David Harsanyi

The carbon footprint of Barack Obama's inauguration could exceed 575 million pounds of CO2. According to the Institute for Liberty, it would take the average U.S. household nearly 60,000 years of naughty ecological behavior to produce a carbon footprint equal to the largest self-congratulatory event in the history of humankind.

The same congressfolk who now are handing out thousands of tickets to this ecological disaster mandated only recently the phased elimination of the incandescent light bulb -- a mere carbon tiptoe, if you will. The whole thing seems a bit unfair.

And on the day millions of Americans were freezing their collective backside off, the new Energy and Commerce Committee chairman, Henry Waxman, announced that Congress would fast-track climate change legislation. Waxman claimed, as The Associated Press put it, "Inaction on the climate issue is causing uncertainties that make it more difficult to emerge from the recession."

Waxman's methane emission merely would reek if it weren't so catastrophically sad. I learned long ago that any dissent on climate alarmism will be met with unflinching fury, but is there anyone who can argue genuinely that inaction on "climate issues" (formerly known as global warming) has had a fundamental impact on the economic downturn?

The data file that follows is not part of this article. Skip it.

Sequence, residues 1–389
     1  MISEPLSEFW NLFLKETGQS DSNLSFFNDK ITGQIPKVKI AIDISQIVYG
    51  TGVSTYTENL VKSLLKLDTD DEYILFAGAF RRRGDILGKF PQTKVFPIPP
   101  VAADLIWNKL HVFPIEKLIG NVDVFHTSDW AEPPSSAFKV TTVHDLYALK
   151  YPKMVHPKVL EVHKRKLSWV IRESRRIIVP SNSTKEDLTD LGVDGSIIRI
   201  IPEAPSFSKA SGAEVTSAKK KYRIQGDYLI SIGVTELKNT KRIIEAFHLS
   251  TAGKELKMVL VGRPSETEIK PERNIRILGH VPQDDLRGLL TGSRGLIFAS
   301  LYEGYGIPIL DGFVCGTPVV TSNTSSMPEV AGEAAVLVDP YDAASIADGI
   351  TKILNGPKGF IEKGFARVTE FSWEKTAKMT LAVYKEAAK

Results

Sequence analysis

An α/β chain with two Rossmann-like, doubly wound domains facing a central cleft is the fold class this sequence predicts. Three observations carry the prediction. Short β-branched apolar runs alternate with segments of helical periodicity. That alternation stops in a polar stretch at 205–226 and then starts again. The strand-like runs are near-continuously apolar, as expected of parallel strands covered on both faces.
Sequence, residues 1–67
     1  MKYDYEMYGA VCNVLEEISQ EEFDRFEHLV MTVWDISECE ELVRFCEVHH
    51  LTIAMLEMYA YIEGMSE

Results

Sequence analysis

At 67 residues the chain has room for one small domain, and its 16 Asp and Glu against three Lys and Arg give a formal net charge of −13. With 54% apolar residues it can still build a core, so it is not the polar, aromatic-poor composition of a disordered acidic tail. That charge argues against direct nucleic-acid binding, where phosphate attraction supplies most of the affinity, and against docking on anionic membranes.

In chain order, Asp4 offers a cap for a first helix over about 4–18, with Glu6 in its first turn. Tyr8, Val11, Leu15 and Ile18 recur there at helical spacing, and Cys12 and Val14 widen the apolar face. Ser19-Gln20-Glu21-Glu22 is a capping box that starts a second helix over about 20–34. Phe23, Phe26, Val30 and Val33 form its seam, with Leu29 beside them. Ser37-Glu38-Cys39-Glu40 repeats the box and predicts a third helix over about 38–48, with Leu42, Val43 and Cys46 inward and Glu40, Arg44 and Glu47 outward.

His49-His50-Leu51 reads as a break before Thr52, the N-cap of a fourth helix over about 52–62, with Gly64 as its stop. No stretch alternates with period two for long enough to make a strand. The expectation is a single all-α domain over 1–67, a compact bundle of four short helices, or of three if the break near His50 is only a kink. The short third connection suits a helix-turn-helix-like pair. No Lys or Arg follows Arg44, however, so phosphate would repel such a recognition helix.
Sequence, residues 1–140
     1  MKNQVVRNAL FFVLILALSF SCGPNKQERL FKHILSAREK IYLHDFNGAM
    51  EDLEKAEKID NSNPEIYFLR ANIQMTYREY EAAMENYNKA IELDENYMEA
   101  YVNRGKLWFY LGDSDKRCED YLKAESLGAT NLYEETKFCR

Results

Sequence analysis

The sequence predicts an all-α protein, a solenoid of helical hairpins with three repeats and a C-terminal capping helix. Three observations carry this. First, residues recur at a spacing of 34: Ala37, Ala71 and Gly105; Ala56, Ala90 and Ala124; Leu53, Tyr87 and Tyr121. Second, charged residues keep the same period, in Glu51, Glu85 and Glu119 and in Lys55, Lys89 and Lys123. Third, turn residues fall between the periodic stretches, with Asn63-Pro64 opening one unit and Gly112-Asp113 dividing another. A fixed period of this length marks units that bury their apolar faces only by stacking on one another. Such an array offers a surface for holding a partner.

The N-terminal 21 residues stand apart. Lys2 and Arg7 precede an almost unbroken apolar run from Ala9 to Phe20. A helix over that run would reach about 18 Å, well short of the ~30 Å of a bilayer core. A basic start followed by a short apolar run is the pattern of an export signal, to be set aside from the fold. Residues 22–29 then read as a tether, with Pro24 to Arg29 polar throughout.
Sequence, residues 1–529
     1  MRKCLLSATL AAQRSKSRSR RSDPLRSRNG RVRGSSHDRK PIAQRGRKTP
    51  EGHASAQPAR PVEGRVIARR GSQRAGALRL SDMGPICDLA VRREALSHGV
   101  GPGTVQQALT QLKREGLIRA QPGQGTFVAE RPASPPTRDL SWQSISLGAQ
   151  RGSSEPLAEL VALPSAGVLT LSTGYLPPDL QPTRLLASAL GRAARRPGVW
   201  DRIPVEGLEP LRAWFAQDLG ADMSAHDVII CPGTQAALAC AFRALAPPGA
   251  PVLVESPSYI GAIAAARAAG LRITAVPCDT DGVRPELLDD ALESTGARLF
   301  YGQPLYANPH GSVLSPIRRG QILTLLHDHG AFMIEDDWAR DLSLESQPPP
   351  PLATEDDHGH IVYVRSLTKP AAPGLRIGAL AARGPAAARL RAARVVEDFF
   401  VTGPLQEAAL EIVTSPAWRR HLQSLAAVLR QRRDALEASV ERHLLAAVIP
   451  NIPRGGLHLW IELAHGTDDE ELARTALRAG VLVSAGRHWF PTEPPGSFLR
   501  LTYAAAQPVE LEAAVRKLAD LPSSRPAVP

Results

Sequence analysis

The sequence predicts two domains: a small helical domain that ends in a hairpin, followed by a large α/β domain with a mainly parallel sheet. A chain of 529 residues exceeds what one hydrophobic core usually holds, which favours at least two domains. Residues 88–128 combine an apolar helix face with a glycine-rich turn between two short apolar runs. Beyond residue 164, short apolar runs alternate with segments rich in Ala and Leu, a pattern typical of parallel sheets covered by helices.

Our plight, in actuality, likely will be exacerbated if Waxman gets his way. Playing on the public's fear of climate change, we almost certainly are about to see a nationalized energy policy and price controls through cap and trade.

The late economist and journalist Henry Hazlitt once wrote that those who attempt "to lift the prices of particular commodities permanently above their natural market levels have failed so often, so disastrously and so notoriously" that no one admits to wanting to try it. Then again, in those heady days, the Energy and Commerce Committee chairman's job was actually of assisting Americans with their energy needs, not making it more expensive.

I've been informed, quite forcefully, that "climate change" can induce weather to warm, make it colder and, miraculously, produce whatever climate condition we happen to be experiencing at that very moment. So I wholeheartedly concur with my environmentalist friends: Climate does indeed make weather fluctuate.

David Harsanyi

David Harsanyi is a senior editor at The Federalist and the author of "The People Have Spoken (and They Are Wrong): The Case Against Democracy." Follow him on Twitter @davidharsanyi.